By Fergus Jensen
JAKARTA (Reuters) - Indonesian energy company Lapindo Brantas plans to resume drilling for gas near the site of a mud volcano, its CEO said, referring to a disaster that some scientists say it helped to create around 10 years ago.
The Sidoarjo mud volcano, which started erupting in May 2006 near Indonesia's second-biggest city of Surabaya, inundated 12 villages and has displaced around 60,000 people. It has now become a tourist attraction.
The company, a unit of Energi Mega Persada, has paid off the vast majority of compensation claims it was ordered to pay, helped by a 786 billion rupiah ($56.5 million) government loan last year.
Now, it needs to resume drilling partly to pay back its debts to the government, CEO Tri Setia Sutisna said on Tuesday.
"This shouldn't be a problem because even the vice president of Indonesia has said Lapindo must drill," Sutisna told Reuters, referring to Vice President Jusuf Kalla.
The new wells would be drilled around 4 kilometers from the site of the mud volcano and would go to a maximum depth of about 1,200 meters, around one-third as deep as the well Lapindo was drilling in 2006 which some scientists linked to the disaster.
Lapindo has denied accusations of negligence, saying the mud disaster was triggered by tectonic activity.
The company has not drilled any new wells since the mudflow began, and as a result its gas output has fallen around 90 percent from 2004 levels, Sutisna said.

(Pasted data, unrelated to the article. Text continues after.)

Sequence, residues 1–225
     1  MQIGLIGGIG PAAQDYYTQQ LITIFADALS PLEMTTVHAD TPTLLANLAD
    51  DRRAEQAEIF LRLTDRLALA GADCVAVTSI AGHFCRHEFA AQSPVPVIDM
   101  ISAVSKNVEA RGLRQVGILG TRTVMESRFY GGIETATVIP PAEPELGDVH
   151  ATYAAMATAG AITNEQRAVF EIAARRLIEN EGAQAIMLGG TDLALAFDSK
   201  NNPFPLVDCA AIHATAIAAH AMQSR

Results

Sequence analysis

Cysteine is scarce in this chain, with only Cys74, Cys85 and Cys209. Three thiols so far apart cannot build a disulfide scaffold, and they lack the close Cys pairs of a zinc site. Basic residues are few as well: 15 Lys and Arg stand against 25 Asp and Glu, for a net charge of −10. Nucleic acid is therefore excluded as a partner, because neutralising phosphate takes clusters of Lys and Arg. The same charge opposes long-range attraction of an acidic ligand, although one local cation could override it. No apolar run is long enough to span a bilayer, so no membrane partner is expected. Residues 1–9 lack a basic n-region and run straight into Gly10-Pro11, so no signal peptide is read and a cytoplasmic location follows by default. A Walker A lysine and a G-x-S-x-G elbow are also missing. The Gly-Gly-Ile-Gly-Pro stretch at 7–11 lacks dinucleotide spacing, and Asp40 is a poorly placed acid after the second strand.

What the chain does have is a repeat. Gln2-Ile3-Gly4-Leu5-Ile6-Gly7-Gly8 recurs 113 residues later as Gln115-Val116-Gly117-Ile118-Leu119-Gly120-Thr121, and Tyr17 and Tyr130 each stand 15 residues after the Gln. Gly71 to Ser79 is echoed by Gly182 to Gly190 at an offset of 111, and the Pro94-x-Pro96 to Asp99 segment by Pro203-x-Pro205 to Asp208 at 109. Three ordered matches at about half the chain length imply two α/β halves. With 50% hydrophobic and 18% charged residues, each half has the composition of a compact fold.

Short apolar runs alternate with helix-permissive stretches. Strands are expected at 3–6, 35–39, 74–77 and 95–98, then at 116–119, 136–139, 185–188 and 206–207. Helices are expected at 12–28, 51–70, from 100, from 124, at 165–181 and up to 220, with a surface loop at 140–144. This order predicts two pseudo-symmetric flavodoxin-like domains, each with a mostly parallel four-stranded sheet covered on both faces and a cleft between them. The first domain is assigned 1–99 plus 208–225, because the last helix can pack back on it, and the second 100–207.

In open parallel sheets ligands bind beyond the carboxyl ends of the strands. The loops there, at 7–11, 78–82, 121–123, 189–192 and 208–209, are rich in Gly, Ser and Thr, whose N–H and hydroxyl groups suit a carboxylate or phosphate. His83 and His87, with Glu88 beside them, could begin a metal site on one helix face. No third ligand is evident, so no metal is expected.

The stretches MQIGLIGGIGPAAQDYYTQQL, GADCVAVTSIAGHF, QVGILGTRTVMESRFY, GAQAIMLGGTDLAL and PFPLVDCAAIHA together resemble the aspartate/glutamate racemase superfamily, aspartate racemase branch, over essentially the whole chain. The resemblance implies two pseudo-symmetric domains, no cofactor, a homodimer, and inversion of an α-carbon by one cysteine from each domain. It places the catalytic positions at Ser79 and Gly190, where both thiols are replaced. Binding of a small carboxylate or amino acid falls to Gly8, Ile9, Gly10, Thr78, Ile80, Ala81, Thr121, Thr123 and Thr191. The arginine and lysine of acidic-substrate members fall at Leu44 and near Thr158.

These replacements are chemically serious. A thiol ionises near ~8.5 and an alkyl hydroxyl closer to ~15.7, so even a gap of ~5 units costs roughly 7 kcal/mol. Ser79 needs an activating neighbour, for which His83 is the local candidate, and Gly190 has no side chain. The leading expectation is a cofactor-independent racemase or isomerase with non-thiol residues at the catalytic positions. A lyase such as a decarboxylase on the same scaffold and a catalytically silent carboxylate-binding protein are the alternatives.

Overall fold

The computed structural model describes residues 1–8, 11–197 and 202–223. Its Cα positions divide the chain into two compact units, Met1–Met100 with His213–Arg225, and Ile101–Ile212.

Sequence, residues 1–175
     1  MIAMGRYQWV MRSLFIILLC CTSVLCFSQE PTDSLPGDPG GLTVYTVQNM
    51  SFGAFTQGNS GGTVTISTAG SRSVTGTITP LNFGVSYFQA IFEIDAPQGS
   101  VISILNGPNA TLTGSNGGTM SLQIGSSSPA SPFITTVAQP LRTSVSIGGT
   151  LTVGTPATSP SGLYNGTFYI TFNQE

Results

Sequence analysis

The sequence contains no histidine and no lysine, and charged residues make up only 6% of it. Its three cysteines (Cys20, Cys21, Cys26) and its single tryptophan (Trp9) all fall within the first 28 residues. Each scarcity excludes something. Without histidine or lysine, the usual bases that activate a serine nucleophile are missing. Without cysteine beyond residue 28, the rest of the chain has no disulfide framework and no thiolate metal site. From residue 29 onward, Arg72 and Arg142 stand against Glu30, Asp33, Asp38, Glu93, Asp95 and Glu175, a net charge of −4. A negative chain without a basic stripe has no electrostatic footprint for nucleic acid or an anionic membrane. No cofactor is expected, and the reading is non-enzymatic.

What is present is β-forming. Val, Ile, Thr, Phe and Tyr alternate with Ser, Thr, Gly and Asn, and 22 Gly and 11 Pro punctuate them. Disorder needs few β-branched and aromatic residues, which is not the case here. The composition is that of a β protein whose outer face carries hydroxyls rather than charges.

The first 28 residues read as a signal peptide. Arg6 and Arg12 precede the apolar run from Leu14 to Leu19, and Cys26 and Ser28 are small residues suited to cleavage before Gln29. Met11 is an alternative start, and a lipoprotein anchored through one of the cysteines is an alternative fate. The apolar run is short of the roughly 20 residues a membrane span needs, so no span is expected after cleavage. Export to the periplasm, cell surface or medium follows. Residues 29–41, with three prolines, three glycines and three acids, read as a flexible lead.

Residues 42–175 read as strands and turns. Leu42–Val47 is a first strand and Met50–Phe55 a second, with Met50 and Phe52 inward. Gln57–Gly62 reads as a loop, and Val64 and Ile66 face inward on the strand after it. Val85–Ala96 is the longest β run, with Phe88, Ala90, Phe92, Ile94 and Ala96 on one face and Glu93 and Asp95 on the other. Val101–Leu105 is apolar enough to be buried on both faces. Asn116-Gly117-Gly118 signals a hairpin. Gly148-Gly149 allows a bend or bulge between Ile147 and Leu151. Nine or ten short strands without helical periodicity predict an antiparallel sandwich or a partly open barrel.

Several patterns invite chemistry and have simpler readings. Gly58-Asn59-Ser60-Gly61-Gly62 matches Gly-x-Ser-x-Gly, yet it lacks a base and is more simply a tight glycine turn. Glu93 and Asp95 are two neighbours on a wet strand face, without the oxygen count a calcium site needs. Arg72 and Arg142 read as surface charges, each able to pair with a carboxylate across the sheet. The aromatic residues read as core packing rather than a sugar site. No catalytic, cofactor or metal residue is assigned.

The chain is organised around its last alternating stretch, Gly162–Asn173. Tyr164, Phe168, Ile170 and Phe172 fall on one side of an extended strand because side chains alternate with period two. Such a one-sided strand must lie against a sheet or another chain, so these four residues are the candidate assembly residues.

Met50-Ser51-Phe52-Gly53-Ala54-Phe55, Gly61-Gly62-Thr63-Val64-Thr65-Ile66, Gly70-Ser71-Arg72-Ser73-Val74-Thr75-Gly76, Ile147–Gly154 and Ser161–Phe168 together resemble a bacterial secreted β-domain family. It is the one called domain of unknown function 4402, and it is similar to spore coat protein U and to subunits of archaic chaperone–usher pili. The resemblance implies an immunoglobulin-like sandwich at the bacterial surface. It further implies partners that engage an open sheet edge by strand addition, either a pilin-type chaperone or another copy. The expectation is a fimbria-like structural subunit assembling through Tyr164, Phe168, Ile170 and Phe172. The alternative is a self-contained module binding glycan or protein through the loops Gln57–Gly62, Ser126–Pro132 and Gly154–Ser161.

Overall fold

Lapindo wants to start drilling the two wells in early March, and it expects them to produce 5 million standard cubic feet per day (mmscfd) of gas each, bringing average output to around 18 mmscfd.
But Lapindo's latest plans may be held up by a temporary stoppage in preparations imposed by the government late last week amid public concerns.
"The community response was quite negative," Energy Minister Sudirman Said told reporters, noting the company was still "quite a long way" from starting drilling.
Said added the government's job was to ensure the company met technical as well as social and environmental requirements.
"They may well say it is safe from a technical perspective, but companies must pay attention to other matters," he said.
The government has not provided an estimate on when it might allow drilling to begin.
The mud volcano has been a source of embarrassment for the government, since Lapindo is linked to the Bakrie Group, controlled by the family of Indonesia's former Chief Welfare Minister Aburizal Bakrie.
(Additional reporting by Wilda Asmarini; Writing by Fergus Jensen; Editing by Mark Potter)